I’m going to start with the bread and butter. Actually, I’m going to start with the butter. The bread was great and the dish of lardo was rich and porky, but the butter was covered with salted brown butter crumbles. On their own,the crumbles tasted lightly nutty, but when bread was spread with butter and then the brown butter, the brown butter crumbles seemed to intensify the butter underneath, finishing with a pop of salt. I’m pretty sure my eyes lit up and we both got very excited for what was coming.
The potato puff was light and airy; there was a divot scooped out of the bottom and filled with a vegetable aioli and grapefruit pearls. It was a one-bite puff, with the puff melting into your mouth and flavored by the aioli.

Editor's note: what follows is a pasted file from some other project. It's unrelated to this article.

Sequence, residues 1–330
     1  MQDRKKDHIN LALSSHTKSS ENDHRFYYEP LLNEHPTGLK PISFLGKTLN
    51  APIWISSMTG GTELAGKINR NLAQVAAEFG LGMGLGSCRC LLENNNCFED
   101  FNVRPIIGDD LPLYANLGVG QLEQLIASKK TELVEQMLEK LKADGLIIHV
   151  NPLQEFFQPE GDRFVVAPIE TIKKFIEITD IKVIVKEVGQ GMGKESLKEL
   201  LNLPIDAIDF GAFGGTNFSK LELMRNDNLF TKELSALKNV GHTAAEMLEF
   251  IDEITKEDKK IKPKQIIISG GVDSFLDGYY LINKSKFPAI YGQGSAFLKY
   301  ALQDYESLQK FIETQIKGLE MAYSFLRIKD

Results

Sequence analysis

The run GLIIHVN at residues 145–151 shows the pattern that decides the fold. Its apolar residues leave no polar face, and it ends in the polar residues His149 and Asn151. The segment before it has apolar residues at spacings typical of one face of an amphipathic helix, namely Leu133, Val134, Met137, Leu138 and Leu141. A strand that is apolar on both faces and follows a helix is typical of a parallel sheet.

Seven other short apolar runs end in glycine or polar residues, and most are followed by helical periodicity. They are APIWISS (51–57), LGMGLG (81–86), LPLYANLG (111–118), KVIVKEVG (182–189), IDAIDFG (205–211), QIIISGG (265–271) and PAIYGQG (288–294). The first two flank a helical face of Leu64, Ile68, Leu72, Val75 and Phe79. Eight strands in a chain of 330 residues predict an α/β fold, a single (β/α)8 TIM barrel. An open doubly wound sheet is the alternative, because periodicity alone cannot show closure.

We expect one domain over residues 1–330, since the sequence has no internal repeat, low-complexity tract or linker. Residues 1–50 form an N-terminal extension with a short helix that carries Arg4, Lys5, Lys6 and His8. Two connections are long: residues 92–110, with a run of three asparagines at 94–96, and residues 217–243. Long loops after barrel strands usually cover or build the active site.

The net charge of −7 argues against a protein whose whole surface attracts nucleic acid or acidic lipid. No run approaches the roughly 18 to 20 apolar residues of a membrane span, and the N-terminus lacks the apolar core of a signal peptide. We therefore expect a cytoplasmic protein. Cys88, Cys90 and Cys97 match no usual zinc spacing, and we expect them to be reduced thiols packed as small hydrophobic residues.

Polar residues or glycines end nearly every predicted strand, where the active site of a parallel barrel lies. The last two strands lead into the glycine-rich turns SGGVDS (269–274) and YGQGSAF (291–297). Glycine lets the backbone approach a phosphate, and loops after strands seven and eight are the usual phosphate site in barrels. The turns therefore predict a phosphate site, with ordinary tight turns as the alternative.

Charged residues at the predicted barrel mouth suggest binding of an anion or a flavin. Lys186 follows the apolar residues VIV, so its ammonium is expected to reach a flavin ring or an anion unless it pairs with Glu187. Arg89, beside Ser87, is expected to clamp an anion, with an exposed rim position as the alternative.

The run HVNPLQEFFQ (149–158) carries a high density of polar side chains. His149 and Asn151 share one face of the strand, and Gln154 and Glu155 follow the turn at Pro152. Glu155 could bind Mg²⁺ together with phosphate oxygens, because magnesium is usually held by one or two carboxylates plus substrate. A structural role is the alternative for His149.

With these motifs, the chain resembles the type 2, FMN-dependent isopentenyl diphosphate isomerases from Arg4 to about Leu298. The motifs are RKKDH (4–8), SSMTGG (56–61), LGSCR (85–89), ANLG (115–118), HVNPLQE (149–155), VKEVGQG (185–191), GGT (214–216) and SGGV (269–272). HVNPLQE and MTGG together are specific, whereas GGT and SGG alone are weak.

After mmm-ing over the potato puff, a large branch was placed on the table. Nestled into the branches was a rye cracker topped with chicken liver mousse. It was kind of fun to pluck the crackers out of the branch and the rye cracker itself was crisp and light, but the star was the mousse. I’m not a fan of chicken livers, but this mousse was was so light and creamy and not-really-liver-y that I found myself wishing we had more.
Then the savory beignet arrived: lightly fried dough filled with gruyere cheese and rolled in maple sugar and mustard seed. It was still warm when we ate it, crisp on the outside and light a perfectly cheesy donut bite on the inside. I could have eaten a basket of those beignets all by myself.
Our official first course started with steelhead smoked over chestnut, with sweet lime and herb sponge (left) and cauliflower in various textures and oyster (right).
The steelhead had no fishiness, had a good bite to the texture, and was just delicious. I think there was a yogurty sauce with it, but I can’t remember. The herb sponges were little torn bits of a sponge cake, but green and herb-y.